The author might not be of interest, either. But then you may want to look at what shares and backlinks, as well as the table tags, so that may be the only things that I’m interested in looking at. So I can have a look at this and deal with it accordingly. So you can manage the columns yourself. Now, that’s all easy to do.

Adding Tags

Now, what you can also do is add tag yourself, so you can manually go through this and see pure content. So you can add tags and you can also filter down on the custom columns and stuff, as well. So if you want to only focus on stuff that you have maybe tagged as pure content, then you can also do that, too.

So that’s basically as an overview of what you can do, how many shares you’ve got, and it gives you … you can quickly drill down into your potentially weakest content on your website and try and address that and build on that. You know, no one has the perfect amount of content on their website, so we do want to improve all the time. And there’s nothing wrong with getting into a post and adding to it and making it better, adding a video, or whatever it may be. And it’s obvious, the bigger the website, the harder it is for you to establish what content we can watch over. But the fact that SEMrush has the content analyzer here allows you to drill down very quickly, which is good and makes it quick and easy for you.

Manage Columns

Now, what is also quite good on here. Obviously, as I say, you can create your own columns. So what you can do here is if you click on a particular URL, it gives you the ability to add a tag up here and you can have a look at the content, and you may want to potentially suggest that it gets rewritten or whatever, so you can give people tasks. So you could say rewrite the whole blog post. Rewrite. So I can add that as a task. And if I’m definitely using the task to myself, I can obviously mark that as it’s done, so it goes with a score through it and anyone else viewing this can see this has been actioned.

Assign tasks to others

But I can also send these tasks to Trello and I can also send them to Google Calendar, if you’re going to send these tasks to a member of your team. So you can do that. You can also take notes and you could also invite members of your team to be able to go into the content analyzer, too, just put their email address in there and allow that person to come in and collaborate on your projects. So you can basically get through your content here, and you can see that’s a header one, and you can scroll down and see what you might want to change on that particular task. But you could also add tags here. You may see perfect or tag up with whatever you want basically. So you can go through that and work your way through all for your URLs.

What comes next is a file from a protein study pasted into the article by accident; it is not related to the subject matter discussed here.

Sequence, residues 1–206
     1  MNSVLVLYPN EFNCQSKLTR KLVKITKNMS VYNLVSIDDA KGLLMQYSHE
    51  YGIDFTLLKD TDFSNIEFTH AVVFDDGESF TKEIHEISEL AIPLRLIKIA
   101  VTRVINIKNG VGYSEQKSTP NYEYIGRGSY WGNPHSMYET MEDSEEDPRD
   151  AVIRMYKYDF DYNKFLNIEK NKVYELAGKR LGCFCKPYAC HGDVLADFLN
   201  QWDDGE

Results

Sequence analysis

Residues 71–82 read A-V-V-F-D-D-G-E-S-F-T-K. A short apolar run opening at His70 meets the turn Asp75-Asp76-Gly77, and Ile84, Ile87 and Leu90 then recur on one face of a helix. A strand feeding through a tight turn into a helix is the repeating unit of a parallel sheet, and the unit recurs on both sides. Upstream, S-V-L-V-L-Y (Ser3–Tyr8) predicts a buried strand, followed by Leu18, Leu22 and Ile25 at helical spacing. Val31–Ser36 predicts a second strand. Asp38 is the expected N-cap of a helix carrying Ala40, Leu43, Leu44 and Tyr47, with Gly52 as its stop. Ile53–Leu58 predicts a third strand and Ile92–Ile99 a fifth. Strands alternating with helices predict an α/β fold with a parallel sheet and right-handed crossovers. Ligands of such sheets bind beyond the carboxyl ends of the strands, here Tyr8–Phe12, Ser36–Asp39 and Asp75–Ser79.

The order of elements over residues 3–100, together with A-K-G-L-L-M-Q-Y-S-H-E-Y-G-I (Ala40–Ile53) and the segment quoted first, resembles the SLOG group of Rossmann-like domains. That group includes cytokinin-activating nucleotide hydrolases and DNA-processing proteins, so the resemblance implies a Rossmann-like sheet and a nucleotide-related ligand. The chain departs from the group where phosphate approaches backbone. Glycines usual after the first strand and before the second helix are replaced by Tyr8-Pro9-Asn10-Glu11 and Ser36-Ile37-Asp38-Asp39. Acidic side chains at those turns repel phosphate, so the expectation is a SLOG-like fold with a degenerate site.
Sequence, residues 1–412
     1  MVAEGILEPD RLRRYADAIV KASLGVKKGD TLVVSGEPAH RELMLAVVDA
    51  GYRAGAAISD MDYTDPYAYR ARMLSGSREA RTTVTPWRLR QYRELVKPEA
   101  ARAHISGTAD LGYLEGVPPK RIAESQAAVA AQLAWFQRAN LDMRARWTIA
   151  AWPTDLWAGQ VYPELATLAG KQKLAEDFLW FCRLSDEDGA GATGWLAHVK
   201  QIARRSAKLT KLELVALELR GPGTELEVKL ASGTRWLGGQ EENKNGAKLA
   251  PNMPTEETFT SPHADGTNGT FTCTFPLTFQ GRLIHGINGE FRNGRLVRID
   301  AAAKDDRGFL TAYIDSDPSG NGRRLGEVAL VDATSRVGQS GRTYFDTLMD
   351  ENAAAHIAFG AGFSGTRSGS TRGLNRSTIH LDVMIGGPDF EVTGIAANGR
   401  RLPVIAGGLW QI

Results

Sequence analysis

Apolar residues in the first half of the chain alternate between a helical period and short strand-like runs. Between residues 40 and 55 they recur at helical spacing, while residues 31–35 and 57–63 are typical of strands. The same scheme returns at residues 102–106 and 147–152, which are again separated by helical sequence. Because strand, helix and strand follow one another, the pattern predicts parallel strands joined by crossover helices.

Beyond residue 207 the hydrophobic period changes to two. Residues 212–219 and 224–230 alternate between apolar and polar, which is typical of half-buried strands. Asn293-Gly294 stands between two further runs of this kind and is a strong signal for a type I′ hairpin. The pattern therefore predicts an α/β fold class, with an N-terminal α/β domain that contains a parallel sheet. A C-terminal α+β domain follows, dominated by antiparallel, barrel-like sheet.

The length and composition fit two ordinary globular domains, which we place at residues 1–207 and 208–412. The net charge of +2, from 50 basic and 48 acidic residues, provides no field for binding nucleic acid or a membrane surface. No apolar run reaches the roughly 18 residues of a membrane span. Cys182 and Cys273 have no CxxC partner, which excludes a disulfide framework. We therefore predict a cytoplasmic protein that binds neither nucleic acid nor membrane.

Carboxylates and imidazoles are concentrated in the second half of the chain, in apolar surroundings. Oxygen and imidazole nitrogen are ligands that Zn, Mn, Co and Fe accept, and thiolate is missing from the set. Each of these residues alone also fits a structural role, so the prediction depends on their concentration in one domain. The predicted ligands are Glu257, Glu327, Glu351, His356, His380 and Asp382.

You can just get this tab up, if this is what you want to work with, it will show you the sessions. So you can see that obviously when I put this particular post out it got some traction for a few days, and now it’s kind of dead. It was kind of small news story with a bug on the Google map listings. But you can see it’s kind of dying away. But it’s had some shares and had some sessions and that set. But what I could do is add to that, change it, republish it, get it shared on social media again, and you’ll see all of these URLs will all have definite metrics based on your analytics. So you can scroll through your URLs and see what kind of traction some of these get.

What you can see here is when I launched this article, I done zero social media promotion so the traffic was poor and I can see that from the analytics. So you can keep an eye on the traffic to each article here, but as I say, other articles go up and down like a yo-yo, depending on when you share them on social media, as this will instantly drive traffic to your articles, it may take weeks or even months for an article to rank organically and get traffic. So you do want to look at this, and you can also have a look at the kind of statistics are going on and make a choice as to whether you want to improve that or do something with it.